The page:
In 2012 DC comics began a prequel to Alan Moore and Dave Gibbons groundbreaking (and best selling) Watchmen called Before Watchmen. Given DC’s treatment of Moore and Gibbons (especially Moore, who has been very outspoken about his feelings regarding DC) I opted not to buy, read, or review any of the Before Watchmen books. But a lot of creators I respect whose work I love participated in Before Watchmen – writing, drawing, and contributing covers.  Do I not follow those insanely talented creators because they disagreed with me about DC’s behavior relating to Watchmen and creator’s rights, or because they didn't disagree with DC enough to turn down paying work that they surely needed? And if we're talking about creator rights — comics have been terrible about that issue for just this side of forever. So this is getting incredibly complicated and the list of what I can't ingest is becoming massive. What a mess!

Perhaps the most difficult one for me personally is Woody Allen. Just thinking about his personal life “situation” turns my stomach, but I’m hard pressed to think of a writer and director that I respect more. Sure, he’s made some crappy ones, but he’s also made some of my favorite films of all time – Annie Hall, Manhattan, Hannah & Her Sisters, and his recent Match Point and Vicky Cristina Barcelona are all wonderful. And again, am I supposed to swear off Scarlett Johansson for not only being in Allen's films, but also being a muse of sorts to him? I just can’t do it.  Allen has brought me so much joy, so many brilliant films — is that worth nothing when compared to his personal choices? How do I distinguish between the artist and the art? Should I? And is there a line? What's the line? Does it have to do with what the personal belief is? Or how active they are in supporting it or living by it? Or should the line be about the quality of the work created and not the creators themselves? How far does guilt by association work? Should I not be watching the Seinfeld re-runs I love because Michael Richard's had a disgusting freak out/break down years after the show ended? There's no end to this madness and now I have a headache. 

I doubt I’ll ever again pay to see a Mel Gibson movie again, but I’ve watched (and enjoyed) Mad Max (as well as that silly Ransom movie) since I started thinking about this issue years ago. Does that make me a hypocrite? Does it somehow not matter because I’m not actively putting money in his pocket anymore? Where is the line? Wait...IS there a line?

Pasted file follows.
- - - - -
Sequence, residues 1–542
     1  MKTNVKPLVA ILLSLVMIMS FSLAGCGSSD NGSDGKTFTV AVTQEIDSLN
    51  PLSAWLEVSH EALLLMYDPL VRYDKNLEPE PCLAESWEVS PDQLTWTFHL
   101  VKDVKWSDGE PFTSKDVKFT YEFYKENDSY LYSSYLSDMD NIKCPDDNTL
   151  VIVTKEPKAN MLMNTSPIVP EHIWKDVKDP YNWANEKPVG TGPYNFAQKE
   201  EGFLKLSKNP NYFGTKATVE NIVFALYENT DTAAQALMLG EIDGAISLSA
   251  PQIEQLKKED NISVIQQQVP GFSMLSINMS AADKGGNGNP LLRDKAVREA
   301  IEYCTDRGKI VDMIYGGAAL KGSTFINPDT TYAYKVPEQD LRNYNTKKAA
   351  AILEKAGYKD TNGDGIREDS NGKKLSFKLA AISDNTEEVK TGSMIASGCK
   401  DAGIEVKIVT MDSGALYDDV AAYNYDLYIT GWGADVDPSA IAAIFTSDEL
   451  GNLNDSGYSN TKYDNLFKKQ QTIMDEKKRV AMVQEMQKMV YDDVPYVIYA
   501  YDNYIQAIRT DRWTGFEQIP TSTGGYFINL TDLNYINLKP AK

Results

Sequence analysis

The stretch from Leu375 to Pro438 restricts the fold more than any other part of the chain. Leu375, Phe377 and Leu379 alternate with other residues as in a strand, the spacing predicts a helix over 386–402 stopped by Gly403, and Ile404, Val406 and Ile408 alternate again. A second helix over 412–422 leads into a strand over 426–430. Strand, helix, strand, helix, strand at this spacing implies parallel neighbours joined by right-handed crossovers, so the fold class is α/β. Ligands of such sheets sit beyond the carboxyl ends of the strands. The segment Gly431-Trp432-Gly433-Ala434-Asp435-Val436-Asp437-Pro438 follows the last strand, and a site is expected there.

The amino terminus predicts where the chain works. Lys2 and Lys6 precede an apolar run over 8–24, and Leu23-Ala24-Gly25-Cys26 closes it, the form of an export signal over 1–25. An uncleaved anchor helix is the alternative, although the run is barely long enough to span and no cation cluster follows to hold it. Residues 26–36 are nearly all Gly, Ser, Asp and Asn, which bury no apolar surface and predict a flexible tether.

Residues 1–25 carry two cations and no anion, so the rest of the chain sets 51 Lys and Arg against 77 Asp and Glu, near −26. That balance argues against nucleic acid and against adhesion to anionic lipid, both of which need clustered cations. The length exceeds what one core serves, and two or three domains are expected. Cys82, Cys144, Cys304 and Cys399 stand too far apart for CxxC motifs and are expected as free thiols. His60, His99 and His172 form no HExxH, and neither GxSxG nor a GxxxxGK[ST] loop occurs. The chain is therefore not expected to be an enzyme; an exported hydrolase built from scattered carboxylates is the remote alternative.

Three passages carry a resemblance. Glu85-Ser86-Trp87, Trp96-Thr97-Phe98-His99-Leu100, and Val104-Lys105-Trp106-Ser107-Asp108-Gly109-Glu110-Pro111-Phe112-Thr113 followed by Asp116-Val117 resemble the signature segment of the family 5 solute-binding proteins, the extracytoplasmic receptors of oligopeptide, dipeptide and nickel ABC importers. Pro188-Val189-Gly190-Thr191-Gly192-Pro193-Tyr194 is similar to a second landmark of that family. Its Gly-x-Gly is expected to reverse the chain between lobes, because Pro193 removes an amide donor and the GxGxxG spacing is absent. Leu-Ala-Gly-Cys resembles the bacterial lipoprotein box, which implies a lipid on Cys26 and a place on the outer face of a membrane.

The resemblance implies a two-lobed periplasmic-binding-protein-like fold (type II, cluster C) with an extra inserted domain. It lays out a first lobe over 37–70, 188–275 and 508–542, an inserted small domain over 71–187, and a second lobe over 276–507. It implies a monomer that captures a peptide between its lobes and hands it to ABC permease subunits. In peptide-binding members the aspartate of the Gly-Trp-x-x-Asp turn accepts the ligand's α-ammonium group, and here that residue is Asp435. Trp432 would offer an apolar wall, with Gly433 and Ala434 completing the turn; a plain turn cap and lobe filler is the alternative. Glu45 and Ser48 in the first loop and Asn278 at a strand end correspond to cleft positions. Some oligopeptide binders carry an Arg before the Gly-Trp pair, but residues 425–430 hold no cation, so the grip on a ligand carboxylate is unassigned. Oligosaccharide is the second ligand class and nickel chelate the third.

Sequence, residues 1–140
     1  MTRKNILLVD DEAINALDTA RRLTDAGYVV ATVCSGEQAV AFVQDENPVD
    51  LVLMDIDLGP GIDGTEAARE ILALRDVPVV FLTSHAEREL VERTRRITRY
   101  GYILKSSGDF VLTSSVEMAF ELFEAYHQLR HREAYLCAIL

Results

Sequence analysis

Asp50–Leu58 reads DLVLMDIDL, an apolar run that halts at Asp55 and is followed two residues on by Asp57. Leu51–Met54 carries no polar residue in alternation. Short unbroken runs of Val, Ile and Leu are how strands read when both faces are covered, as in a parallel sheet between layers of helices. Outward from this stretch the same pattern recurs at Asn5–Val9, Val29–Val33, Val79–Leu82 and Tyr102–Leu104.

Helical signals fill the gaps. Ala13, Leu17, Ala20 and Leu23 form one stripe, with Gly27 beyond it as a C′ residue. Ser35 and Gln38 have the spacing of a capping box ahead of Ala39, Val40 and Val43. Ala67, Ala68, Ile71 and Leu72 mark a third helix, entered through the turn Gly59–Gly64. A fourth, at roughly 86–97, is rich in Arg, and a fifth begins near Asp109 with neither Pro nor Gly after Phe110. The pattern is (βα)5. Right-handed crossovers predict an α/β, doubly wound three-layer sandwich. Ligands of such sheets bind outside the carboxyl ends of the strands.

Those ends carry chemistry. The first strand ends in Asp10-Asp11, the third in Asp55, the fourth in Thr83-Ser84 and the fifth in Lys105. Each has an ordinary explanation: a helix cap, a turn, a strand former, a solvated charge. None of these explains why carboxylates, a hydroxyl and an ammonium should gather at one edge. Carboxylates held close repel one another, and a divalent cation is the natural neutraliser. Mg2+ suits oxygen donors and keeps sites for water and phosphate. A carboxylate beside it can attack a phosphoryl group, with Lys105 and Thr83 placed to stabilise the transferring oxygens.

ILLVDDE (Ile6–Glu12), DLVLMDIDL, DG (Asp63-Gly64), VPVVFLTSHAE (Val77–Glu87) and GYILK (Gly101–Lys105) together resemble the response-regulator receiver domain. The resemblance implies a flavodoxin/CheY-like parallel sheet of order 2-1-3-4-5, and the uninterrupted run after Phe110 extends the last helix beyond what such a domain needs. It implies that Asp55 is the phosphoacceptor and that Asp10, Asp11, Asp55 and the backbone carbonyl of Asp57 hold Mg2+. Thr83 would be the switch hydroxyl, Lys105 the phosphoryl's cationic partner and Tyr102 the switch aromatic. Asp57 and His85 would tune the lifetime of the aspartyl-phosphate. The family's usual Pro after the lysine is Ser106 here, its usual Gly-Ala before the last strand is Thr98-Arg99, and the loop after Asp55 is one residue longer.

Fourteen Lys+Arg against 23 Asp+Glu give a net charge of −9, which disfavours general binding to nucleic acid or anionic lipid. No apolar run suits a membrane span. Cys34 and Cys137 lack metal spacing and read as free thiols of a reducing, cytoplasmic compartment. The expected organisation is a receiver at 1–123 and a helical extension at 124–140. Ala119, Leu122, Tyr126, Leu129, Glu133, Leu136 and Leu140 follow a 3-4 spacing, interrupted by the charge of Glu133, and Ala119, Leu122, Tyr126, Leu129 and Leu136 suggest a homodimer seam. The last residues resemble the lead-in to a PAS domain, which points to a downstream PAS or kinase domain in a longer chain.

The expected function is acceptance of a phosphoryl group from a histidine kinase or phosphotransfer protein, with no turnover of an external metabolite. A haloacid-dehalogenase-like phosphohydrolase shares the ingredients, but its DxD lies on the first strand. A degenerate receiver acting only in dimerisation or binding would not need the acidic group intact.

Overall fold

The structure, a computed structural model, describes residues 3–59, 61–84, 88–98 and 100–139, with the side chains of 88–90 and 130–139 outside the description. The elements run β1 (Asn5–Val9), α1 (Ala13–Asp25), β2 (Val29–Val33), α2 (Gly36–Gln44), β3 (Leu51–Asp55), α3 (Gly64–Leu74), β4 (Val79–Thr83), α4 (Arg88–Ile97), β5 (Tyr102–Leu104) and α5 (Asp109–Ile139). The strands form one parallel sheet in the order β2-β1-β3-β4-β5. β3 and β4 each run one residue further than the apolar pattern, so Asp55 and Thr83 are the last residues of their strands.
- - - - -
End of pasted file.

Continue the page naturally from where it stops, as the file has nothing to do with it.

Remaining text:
I'm curious how each of us, especially those of us that consider ourselves creators (or "future creators") approach this issue. Can you easily separate creator from project? Can you separate the personal from professional? Do you take each on a case-by-case basis?  Is this a black and white issue for you, or is it filled with shades of grey? 

In the end, I think I’m going to try to embrace the philosophy of a creator I DO love and respect – Neil Gaiman. Just this past weekend he answered a fan’s question about this issue by reposting something he’d written in 2006, which used Ezra Pound as an excellent example of getting something terribly positive out of a creator’s work, even though Pound himself was a nightmare (fascist, anti-Semite, possible traitor, confirmed collaborator). Here’s the link to the full post, but the gist is his feeling that “the art isn’t the artist, the poem isn’t the poet” and to “trust the tale, not the teller.” But he also encouraged people to do what they felt was right, and that does indeed feel right to me. Keep perspective but follow your gut…so that’s what I’m going to try to do, what about you?

About the author

Kelly Thompson is the author of two crowdfunded self-published novels. The Girl Who Would be King (2012), was funded at over $26,000, was an Amazon Best Seller, and has been optioned by fancy Hollywood types. Her second novel, Storykiller (2014), was funded at nearly $58,000 and remains in the Top 10 most funded Kickstarter novels of all time. She also wrote and co-created the graphic novel Heart In A Box (2015) for Dark Horse Comics.

Kelly lives in Portland Oregon and writes the comics A-Force, Hawkeye, Jem & The Holograms, Misfits, and Power Rangers: Pink. She's also the writer and co-creator of Mega Princess, a creator-owned middle grade comic book series. Prior to writing comics Kelly created the column She Has No Head! for Comics Should Be Good.

She's currently managed by Susan Solomon-Shapiro of Circle of Confusion.